Why Sasha Frere-Jones Really Is A Great Rock Critic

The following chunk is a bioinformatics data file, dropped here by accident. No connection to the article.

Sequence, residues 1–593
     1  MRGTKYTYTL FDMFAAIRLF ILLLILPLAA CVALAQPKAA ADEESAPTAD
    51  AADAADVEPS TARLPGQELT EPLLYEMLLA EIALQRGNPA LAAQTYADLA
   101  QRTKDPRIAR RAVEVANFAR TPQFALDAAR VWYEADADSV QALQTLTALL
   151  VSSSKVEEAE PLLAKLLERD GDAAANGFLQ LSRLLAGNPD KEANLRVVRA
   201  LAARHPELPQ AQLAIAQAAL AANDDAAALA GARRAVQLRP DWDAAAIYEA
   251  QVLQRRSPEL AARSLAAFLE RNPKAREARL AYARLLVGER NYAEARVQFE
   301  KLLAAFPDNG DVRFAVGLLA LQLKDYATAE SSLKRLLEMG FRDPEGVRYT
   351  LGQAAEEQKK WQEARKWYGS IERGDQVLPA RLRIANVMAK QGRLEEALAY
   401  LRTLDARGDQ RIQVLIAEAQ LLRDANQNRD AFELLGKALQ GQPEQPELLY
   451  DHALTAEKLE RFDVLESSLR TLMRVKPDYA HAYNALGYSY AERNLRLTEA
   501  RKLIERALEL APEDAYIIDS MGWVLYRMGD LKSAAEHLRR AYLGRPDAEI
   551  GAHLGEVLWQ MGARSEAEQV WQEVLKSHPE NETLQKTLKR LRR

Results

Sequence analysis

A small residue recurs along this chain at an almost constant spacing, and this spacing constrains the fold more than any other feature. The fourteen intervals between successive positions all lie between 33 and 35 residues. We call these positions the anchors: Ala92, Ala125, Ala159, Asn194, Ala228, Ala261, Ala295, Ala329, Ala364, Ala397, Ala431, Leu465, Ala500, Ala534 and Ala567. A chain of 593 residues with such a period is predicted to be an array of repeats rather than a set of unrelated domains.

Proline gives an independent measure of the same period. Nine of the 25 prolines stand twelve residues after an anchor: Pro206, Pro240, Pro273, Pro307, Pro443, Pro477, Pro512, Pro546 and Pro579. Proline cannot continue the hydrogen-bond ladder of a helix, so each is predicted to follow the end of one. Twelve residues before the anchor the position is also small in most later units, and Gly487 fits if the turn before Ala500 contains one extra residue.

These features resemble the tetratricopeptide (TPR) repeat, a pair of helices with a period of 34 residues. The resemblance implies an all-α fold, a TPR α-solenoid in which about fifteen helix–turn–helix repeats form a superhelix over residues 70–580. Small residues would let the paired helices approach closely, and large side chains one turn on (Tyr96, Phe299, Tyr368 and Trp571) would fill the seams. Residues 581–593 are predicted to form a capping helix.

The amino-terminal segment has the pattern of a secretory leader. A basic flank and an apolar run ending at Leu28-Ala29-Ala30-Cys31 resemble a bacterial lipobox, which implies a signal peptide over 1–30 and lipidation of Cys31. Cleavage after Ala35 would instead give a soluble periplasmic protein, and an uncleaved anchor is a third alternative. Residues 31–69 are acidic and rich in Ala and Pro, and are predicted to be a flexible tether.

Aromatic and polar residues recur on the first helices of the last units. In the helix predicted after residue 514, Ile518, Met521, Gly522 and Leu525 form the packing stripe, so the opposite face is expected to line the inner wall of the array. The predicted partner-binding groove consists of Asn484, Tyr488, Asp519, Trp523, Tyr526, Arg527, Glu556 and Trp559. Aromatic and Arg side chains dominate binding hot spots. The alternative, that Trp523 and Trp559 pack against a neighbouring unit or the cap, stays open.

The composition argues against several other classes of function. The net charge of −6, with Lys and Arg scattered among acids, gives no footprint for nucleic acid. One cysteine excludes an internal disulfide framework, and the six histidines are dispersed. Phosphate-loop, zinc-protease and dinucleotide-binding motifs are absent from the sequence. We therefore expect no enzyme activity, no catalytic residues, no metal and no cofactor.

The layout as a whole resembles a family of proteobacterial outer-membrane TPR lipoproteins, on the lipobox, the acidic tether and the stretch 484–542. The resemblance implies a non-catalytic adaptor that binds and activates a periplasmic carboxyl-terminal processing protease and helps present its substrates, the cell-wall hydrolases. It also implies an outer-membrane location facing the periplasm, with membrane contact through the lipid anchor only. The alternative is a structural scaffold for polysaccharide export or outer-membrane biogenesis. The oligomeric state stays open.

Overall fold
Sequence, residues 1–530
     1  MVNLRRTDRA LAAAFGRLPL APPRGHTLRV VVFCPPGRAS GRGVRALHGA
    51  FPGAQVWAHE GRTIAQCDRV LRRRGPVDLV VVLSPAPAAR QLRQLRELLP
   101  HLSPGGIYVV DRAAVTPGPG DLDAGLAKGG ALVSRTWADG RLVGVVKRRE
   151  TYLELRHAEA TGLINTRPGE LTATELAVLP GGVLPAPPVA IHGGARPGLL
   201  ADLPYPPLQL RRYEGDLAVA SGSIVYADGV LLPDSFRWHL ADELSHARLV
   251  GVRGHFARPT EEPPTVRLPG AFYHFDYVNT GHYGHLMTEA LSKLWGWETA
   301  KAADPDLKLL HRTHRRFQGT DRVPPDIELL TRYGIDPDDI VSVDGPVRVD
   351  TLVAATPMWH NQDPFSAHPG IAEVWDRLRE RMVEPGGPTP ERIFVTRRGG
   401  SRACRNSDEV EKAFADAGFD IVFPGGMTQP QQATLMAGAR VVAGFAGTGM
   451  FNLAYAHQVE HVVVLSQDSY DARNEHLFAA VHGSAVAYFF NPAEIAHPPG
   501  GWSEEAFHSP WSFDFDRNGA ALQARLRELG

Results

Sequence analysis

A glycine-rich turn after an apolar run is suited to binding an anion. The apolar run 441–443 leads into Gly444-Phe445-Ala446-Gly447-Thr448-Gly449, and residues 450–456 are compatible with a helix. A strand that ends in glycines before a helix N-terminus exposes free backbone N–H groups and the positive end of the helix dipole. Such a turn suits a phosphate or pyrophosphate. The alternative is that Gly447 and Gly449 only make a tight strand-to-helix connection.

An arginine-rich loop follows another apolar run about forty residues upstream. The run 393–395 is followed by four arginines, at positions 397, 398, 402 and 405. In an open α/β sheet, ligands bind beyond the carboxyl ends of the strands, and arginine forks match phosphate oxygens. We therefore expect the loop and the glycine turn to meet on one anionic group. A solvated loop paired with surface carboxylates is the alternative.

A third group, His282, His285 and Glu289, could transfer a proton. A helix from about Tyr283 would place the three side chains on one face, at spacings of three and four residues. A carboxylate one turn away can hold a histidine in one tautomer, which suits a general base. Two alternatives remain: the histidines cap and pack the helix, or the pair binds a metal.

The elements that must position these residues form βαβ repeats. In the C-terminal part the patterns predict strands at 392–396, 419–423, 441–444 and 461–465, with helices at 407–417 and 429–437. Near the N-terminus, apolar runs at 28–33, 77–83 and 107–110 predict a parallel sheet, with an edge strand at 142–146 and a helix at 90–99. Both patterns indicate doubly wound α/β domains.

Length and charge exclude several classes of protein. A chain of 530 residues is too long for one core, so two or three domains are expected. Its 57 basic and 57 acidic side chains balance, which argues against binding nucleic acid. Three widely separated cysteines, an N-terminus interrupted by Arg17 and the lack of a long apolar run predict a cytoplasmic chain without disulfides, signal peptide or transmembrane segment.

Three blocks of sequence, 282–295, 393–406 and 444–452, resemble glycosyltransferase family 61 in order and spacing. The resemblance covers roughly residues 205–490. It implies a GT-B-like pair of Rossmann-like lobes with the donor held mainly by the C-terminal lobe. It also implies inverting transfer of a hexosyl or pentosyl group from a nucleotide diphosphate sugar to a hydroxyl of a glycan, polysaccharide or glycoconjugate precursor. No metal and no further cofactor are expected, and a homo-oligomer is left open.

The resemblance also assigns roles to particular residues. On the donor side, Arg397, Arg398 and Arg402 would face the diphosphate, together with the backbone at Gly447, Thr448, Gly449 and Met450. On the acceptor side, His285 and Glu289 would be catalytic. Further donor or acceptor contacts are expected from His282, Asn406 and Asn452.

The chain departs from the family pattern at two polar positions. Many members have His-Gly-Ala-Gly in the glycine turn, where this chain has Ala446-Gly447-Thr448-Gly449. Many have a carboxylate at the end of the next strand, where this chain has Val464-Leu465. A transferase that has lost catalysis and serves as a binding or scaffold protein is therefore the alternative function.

If you are someone who, like me, gags each and every time you read the wooden prose of Jon Pareles, wherein he talks about “Mr. Reed’s guitar vamps,” etc. it really is a delight to read Sash Frere-Jones in The New Yorker.  Yeah, he’s a little full of himself.  Name a really great rock critic who isn’t?  From John Mendelssohn to Byron Coley, Lester Bangs to Robert Palmer, the best rock critics have always made one step back, laugh, and go “What the…”  And Frere-Jones has the gift.  I hadn’t listened closely to the drums on Led Zep’s “Good Times, Bad Times” for years until Frere-Jones, writing about the reunion concert last autumn, shined the spotlight on the late John Bonham’s polyrhythmic perversity.   And then came his preview of the Feelies/Sonic Youth show in New York last week.  Here’s how he described the link between the two bands: “To be wildly reductive about the whole thing: the Feelies are the logical extension of the breakneck strumming in the Velvet Underground’s “What Goes On,” while Sonic Youth are the logical extension of Lou Reed’s solo.”  That is so good that if ever The New Yorker casts him out onto Times Square, look for Tulip Frenzy to host an online bake sale, just to keep the boy going.

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